Motorists who do not have insurance on their vehicles run the risk of having to make significant financial outlays in the event of crashes, not only for themselves but for others involved in these incidents as well. The Automobile Association (AA) says it remains concerned that less than 35% of vehicles in the country are insured.
“Vehicle insurance is not a legal requirement in South Africa. According to the South African Insurance Association (SAIA) about 65% of South African motorists are not insured. There are approximately one million road accidents reported annually in South Africa, which means there is a high chance that a crash will occur with an uninsured driver,” notes the AA.
Data from around the world shows that insurance policies improve the overall risk management of policyholders which, in turn encourages road users to exercise greater caution and care on the road.
“The risk of not having vehicle insurance means that when uninsured motorists are involved in a crash and they are at fault, they will have to pay for the damages to their own vehicle and the other vehicle out of their own pocket. This could leave these drivers with several major issues, including not enough money to cover repairs on their own vehicle and therefore leave them without transport, and financially worse off than they would have been with insurance,” says the AA.
Besides the safety aspect, increasing the number of insured drivers on the roads will translate into a reduction in the cost of motor insurance, which is the main reason that motorists cite for not having vehicle insurance.
But this concerning statistic also holds many challenges for motor body repairers who are essential players in the automotive ecosystem. These challenges include but are not limited to:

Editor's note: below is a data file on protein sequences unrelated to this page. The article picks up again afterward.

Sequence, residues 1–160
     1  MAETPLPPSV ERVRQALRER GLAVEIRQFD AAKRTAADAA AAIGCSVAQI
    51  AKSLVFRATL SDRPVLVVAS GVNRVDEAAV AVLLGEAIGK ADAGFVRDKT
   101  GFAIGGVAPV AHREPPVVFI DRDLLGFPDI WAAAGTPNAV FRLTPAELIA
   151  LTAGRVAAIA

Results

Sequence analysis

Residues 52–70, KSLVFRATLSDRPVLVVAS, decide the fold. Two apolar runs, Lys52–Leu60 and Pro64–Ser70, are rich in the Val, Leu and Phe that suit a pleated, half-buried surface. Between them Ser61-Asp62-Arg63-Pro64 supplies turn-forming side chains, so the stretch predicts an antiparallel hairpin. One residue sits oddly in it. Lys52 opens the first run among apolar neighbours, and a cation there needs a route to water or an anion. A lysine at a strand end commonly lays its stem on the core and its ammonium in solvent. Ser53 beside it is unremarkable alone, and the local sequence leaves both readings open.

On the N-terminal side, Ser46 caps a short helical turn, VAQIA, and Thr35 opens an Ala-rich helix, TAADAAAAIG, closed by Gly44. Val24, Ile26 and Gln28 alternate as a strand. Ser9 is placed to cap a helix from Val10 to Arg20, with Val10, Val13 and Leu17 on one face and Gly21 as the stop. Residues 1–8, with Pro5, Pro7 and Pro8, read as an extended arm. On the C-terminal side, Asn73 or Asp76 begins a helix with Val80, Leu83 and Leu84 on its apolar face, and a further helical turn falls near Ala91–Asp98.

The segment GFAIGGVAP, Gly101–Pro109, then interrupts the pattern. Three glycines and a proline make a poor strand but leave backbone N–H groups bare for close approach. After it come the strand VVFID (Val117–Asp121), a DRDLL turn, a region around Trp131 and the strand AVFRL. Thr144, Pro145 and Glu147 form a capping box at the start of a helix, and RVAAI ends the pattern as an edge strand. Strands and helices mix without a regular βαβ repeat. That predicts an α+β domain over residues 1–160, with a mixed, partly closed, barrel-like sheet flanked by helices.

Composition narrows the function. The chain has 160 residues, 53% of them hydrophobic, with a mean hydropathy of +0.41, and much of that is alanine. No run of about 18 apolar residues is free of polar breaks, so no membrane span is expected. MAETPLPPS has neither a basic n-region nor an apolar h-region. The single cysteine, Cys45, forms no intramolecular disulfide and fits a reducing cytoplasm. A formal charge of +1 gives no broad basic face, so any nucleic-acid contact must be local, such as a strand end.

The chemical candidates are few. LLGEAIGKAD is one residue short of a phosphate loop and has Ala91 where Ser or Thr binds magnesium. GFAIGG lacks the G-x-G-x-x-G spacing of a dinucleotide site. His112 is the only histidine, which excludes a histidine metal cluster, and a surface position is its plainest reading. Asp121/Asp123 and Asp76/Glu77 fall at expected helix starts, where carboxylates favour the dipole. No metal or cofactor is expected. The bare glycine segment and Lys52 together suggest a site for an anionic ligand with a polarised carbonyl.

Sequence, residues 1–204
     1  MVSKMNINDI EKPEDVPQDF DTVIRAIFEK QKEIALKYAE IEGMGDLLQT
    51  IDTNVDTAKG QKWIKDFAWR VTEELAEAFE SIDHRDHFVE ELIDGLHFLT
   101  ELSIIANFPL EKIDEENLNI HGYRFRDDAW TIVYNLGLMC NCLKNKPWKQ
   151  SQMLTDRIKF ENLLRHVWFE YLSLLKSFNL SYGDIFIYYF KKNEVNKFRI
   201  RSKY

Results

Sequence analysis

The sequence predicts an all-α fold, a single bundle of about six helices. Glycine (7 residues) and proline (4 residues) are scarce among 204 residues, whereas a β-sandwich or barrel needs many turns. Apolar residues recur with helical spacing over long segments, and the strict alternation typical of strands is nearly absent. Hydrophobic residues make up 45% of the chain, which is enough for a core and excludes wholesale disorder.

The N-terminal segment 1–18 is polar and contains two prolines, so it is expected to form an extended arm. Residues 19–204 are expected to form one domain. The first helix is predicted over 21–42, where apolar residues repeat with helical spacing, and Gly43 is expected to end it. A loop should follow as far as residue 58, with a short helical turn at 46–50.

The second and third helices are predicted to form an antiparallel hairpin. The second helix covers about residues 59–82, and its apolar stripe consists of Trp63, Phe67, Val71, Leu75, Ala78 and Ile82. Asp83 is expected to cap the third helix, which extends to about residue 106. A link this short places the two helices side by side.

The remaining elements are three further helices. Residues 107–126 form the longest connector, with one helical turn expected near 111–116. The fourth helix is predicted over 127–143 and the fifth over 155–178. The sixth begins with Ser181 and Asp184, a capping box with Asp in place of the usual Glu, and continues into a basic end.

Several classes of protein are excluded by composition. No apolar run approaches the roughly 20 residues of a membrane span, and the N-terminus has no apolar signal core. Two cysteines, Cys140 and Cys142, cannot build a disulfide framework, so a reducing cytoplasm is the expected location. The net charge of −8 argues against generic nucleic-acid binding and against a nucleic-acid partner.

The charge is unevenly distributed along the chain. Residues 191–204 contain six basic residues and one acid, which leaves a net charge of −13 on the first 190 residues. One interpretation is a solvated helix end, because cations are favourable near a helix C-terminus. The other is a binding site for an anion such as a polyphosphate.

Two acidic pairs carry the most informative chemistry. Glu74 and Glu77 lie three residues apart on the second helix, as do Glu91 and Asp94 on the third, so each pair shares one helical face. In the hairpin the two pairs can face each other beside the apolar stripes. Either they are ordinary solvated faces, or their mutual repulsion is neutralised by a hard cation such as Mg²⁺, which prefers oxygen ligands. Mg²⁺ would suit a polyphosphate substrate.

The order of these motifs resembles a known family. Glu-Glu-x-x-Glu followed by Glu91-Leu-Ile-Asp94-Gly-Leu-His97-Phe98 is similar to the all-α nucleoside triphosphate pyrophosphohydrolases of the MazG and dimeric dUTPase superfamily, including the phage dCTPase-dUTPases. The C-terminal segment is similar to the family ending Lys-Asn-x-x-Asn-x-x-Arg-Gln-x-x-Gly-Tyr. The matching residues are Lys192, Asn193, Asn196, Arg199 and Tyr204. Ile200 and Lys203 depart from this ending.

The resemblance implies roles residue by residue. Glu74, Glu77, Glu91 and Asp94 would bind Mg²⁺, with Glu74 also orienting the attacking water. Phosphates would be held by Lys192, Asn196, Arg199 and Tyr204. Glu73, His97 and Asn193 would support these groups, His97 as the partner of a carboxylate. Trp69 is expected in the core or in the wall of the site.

- Reduced Client Base: With only 35% of vehicles insured, motor body repairers face a restricted client base. Uninsured vehicle owners may not have the financial means to cover the repair costs, limiting the potential customers for these repair businesses. This lack of insurance coverage places a strain on the profitability and sustainability of motor body repair shops.
- Financial Strain: Repairing a vehicle, especially in cases of significant damage, can be an expensive endeavour. When uninsured vehicle owners are unable to pay personally for these repairs, it puts a significant financial strain on motor body repairers. This can lead to cash-flow challenges, making it difficult for these businesses to invest in equipment, training and expansion.
- Inconsistent Workload: The inconsistency of work for motor body repairers in a market where only a fraction of vehicles is insured creates a challenge in maintaining a steady workload. These businesses may experience seasonal fluctuations and economic downturns more acutely than industries with a more insured customer base.
- Competitive Pressure: To compensate for the challenges posed by the low insurance rate, motor body repairers may be forced into competitive pricing, potentially compromising their service quality. The pressure to lower prices can undermine their ability to invest in skilled labour, technology and advanced repair techniques, ultimately affecting the quality of service they provide.
As South Africa continues to grapple with this issue, it’s crucial for motor body repairers to find innovative ways to adapt and ensure their long-term sustainability in a challenging market. It is also an issue that should be of concern to policymakers and insurance providers, who may need to explore measures to increase insurance coverage rates in the country to support the motor body repair industry.